As a committee of the National Academy of Engineering recognized, ethics education should foster the ability of students to analyze complex decision situations and ill-structured problems. Building on the NAE’s insights, we report about an innovative teaching approach that has two main features: first, it places the emphasis on deliberation and on self-directed, problem-based learning in small groups of students; and second, it focuses on understanding ill-structured problems. The first innovation is motivated by an abundance of scholarly research that supports (...)
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  15.  73
    “Theoric Transformations” and a New Classification of Abductive Inferences.Michael H. G. Hoffmann - 2010 - Transactions of the Charles S. Peirce Society 46 (4):570-590.
    Among the many problems posed by Peirce's concept of abduction is how to determine the scope of this form of inference, and how to distinguish different types of abduction. This problem can be illustrated by taking a look at one of his best known definitions of the term:Abduction is the process of forming an explanatory hypothesis. It is the only logical operation which introduces any new idea; for induction does nothing but determine a value, and deduction merely evolves the necessary (...)
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  16. Signs in/of Communication.Wolff-Michael Roth & Michael H. G. Hoffmann - 2010 - In . Sense Publishers.
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  17. Peirce's "Diagrammatic Reasoning" as a Solution of the Learning Paradox.Michael H. G. Hoffmann - 2003 - In . Rodopi.
     
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  18.  37
    The 1903 Classification of Triadic Sign-Relations.Michael H. G. Hoffmann - 2001 - Digital Encyclopedia of Charles S. Peirce.
  19.  8
    Reflective Consensus Building on Wicked Problems with the Reflect! Platform.Michael H. G. Hoffmann - 2020 - Science and Engineering Ethics 26 (2):793-819.
    Wicked problems—that is, problems that can be framed in a number of different ways, depending on who is looking at them—pose ethical challenges for professionals that have scarcely been recognized as such. Even though wicked problems are all around us, they are rarely addressed in education. A reason for this failure might be that wicked problems pose almost insurmountable challenges in educational settings. This contribution shows how students can learn to cope with wicked problems in problem-based learning projects that are (...)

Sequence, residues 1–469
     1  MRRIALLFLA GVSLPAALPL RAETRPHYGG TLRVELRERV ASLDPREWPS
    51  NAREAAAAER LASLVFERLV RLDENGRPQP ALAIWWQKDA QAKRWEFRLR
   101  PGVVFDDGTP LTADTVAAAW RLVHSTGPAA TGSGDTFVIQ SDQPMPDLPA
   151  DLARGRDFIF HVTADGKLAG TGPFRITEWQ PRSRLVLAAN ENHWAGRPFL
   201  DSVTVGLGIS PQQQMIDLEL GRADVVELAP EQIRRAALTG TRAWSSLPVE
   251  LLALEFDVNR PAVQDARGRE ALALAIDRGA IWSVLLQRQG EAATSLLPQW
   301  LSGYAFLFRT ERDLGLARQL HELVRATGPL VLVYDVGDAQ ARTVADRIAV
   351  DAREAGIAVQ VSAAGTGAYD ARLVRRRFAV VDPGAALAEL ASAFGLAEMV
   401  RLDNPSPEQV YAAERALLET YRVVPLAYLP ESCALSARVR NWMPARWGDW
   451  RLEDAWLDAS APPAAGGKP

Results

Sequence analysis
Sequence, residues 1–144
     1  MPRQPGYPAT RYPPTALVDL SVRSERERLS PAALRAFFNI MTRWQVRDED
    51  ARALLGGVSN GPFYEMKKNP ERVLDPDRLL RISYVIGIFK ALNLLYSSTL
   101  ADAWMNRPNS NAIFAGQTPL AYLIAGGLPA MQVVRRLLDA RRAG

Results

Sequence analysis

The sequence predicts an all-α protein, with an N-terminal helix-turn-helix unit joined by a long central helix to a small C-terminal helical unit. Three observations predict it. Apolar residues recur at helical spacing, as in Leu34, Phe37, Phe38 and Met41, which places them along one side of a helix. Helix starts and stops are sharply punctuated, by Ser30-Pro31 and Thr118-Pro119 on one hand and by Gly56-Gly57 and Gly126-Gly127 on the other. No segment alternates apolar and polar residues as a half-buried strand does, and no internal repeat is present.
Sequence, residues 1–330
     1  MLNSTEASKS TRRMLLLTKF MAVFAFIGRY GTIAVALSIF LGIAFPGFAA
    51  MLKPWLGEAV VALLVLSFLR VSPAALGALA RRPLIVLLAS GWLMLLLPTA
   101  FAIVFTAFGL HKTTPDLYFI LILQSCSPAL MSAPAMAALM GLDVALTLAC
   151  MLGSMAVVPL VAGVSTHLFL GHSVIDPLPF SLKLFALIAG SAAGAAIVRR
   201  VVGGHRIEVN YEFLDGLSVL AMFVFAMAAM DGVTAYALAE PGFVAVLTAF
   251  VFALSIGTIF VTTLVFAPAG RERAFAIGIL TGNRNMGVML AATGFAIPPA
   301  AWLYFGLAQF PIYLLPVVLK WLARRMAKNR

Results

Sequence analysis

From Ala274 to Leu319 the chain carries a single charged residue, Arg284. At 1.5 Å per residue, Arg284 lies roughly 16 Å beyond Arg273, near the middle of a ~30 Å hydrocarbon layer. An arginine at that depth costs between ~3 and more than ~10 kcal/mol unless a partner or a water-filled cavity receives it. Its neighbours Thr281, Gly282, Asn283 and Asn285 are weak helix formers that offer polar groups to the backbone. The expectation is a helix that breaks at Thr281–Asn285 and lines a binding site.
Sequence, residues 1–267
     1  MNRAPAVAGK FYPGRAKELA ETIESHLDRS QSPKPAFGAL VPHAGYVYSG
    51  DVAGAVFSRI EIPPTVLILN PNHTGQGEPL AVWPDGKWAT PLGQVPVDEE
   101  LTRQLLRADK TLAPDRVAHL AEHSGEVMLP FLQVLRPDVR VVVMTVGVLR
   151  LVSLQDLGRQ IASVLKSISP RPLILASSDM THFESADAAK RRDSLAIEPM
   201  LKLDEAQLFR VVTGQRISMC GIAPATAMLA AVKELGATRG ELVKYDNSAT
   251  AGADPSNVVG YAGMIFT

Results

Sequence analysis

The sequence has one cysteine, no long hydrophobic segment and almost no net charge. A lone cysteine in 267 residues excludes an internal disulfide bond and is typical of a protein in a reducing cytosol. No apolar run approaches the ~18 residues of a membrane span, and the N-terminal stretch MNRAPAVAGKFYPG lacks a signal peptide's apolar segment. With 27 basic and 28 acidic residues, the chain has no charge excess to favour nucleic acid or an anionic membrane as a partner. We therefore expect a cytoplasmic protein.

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  20. Signs as Means for Discoveries. Peirce and His Concepts of 'Diagrammatic Reasoning,' 'Theorematic Deduction,' 'Hypostatic Abstraction,' and 'Theoric Transformation'.Michael H. G. Hoffmann - 2005 - In . Springer.
    The paper aims to show how by elaborating the Peircean terms used in the title creativity in learning processes and in scientific discoveries can be explained within a semiotic framework. The essential idea is to emphasize both the role of external representations and of experimenting with those representations , and to describe a process consisting of three steps: First, looking at diagrams "from a novel point of view" offers opportunities to synthesize elements of these diagrams which have never been perceived (...)
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  21.  17
    Consensus Building and Its Epistemic Conditions.Michael H. G. Hoffmann - 2019 - Topoi 40 (5):1173-1186.